For these reasons, is not disputed that as compared to the program model used by the NECC Partnership Program for home-based services, Newton’s program model requires that additional time and resources be devoted to communication and monitoring to ensure this consistency of instruction. Yet, Newton has proposed no greater staff time than was provided through the NECC Partnership Program, taking the position that the additional coordination and monitoring can be accomplished within the time allocated for service delivery, together with the monthly hour-long clinic meetings. It seems self-evident that in order for Newton to accomplish its intended goal of replicating the success of the NECC Partnership Program, it needs to allocate additional resources to communication between home-based and school-based program staff.

Ms. Minahan testified that under Newton’s proposed IEP, there would be sufficient communication and overlap between the home-based BCBA and the Newton BCBA to ensure consistency, and as noted above the proposed IEP already calls for one hour, monthly meeting that would appropriately include the home-based and school-based BCBAs as well as Parents. But I do not find it persuasive that it would be sufficient to rely upon a monthly, one hour meeting (that would cover a broad variety of topics) to ensure consistency of instruction, nor is it persuasive that weekly communication to ensure consistency could be provided within the time already allocated on the proposed IEP without reducing the available time for home-based instruction.

Parents’ experts (Doyle, Weissman and Sullivan) specifically addressed the question of what additional resources would be needed to ensure consistency of instruction. Dr. Doyle and Dr. Weissman recommended that the proposed IEP include an additional one hour per week for the home-based BCBA. However, Dr. Sullivan testified that 15 minutes per week should be sufficient for purposes of communication between the home-based BCBA and the school-based BCBA, with additional time allocated as needed to address any difficulties or challenges that may arise in this area. I found Dr. Sullivan to be a careful, candid and measured witness with significant experience and expertise regarding these kinds of issues. She is currently the Associate Director of Psychology in the Developmental Medical Center at Boston Children’s Hospital and has been an instructor at Harvard Medical School since 2004. She conducted a comprehensive neurodevelopmental evaluation of Student in December 2012. Among Dr. Doyle, Dr. Weissman and Dr. Sullivan, I found Dr. Sullivan’s testimony on this point to be more persuasive. Testimony of Doyle, Weissman, Sullivan; exhibits P-7, P-18 (Dr. Sullivan’s resume).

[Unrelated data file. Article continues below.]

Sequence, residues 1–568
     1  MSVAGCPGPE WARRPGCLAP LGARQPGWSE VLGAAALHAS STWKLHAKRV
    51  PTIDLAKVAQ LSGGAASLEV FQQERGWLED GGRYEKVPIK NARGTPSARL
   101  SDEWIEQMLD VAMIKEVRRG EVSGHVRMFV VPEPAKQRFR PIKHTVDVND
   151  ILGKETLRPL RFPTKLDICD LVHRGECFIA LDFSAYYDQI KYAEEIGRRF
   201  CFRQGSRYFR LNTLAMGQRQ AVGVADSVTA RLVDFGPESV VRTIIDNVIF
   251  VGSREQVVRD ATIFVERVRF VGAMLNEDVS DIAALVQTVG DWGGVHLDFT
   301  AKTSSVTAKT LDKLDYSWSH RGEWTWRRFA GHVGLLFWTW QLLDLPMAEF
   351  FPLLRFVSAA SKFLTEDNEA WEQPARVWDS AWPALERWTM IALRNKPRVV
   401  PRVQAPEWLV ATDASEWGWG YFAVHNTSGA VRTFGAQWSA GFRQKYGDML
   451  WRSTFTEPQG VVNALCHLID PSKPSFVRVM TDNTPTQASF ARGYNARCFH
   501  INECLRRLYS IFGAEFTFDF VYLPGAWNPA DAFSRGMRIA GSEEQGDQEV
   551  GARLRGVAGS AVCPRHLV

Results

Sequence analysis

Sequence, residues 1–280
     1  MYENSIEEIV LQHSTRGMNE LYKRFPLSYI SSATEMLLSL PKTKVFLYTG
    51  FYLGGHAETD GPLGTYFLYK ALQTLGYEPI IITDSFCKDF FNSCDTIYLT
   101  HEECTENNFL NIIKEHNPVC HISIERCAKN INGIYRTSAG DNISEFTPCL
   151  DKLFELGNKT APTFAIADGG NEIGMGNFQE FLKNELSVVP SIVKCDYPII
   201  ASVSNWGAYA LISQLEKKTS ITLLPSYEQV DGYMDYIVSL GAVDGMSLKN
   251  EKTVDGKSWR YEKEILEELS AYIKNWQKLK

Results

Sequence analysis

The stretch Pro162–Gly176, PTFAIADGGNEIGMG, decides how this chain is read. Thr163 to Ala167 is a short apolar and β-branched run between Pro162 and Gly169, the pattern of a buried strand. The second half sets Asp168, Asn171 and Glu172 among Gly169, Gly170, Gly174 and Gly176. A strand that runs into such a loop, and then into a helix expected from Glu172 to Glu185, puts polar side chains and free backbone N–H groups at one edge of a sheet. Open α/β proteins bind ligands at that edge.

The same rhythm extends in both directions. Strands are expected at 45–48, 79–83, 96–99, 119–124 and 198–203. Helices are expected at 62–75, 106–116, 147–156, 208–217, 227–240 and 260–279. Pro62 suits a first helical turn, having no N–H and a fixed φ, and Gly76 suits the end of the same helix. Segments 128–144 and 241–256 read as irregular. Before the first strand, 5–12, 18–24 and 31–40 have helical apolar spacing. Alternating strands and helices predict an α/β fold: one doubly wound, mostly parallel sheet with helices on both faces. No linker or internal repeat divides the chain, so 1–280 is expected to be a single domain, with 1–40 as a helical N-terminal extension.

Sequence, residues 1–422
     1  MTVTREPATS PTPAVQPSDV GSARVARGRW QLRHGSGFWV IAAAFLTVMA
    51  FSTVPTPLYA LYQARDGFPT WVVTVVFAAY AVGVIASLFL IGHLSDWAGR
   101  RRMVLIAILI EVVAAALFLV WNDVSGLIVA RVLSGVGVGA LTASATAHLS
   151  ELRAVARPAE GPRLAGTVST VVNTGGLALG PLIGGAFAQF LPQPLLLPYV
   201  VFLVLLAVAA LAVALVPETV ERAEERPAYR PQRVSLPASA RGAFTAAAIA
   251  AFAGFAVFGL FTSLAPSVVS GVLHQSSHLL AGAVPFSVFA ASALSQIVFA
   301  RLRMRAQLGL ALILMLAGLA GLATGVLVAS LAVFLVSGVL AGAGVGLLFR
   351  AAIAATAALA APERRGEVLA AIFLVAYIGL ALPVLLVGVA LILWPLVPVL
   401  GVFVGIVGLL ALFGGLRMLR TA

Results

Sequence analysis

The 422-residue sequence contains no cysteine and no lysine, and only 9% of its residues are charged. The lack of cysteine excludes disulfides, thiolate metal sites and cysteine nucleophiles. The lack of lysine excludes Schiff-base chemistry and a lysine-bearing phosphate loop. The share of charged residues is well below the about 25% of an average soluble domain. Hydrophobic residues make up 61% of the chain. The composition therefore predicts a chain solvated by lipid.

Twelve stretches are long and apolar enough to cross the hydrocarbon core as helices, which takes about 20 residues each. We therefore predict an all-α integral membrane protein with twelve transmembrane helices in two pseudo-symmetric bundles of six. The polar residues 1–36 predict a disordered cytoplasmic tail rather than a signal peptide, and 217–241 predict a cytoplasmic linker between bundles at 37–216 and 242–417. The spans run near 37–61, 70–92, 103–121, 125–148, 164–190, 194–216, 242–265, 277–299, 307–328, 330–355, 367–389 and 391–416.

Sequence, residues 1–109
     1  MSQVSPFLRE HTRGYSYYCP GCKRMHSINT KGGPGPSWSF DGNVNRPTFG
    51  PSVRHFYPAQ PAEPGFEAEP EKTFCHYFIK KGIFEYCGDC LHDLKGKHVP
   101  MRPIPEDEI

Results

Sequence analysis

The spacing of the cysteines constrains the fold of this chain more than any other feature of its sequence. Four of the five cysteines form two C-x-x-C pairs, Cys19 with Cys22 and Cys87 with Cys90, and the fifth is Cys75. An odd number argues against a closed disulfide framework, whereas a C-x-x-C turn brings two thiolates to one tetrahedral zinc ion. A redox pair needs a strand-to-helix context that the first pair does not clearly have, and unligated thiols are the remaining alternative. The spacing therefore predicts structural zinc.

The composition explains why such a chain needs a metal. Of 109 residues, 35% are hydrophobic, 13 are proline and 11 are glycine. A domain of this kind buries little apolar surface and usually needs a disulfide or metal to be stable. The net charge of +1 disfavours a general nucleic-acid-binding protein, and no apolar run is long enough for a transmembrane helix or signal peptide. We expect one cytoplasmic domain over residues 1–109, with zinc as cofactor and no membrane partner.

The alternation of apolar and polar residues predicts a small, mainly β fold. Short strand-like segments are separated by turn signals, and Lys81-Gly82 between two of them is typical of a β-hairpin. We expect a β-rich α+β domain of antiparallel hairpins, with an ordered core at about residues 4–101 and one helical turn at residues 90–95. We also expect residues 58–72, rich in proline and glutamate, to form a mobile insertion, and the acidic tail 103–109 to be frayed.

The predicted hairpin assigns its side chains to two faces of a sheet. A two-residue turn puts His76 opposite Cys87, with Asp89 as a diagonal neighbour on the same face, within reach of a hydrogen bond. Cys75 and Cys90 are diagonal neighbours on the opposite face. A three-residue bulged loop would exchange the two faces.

For these reasons, I find that the time of the Newton BCBA and the time of the home-based services BCBA must each be increased by 15 minutes per week on the proposed IEP in order for the IEP to be appropriate.

With respect to summer services, Ms. Tinglof testified that the IEP Team determined that Student does not need the intensity of the NECC substantially-separate extended year services that were provided during the summer of 2012 pursuant to Student’s stay-put IEP. She (and the Team) recommended that instead, Student receive services targeted to address Student’s continuing weaknesses in reading comprehension, math reasoning and social skills. She noted that Student only attended five weeks of the seven week program last summer, and she opined that five weeks turned out to be sufficiently long last year for Student’s extended year services to prevent regression. Ms. Shanahan and Dr. Holcomb testified that they agreed with these recommendations. Ms. Bossart testified that a half hour per week of speech-language services during the five-week summer program would be sufficient to prevent regression. Testimony of Tinglof, Shanahan, Holcomb, Bossart.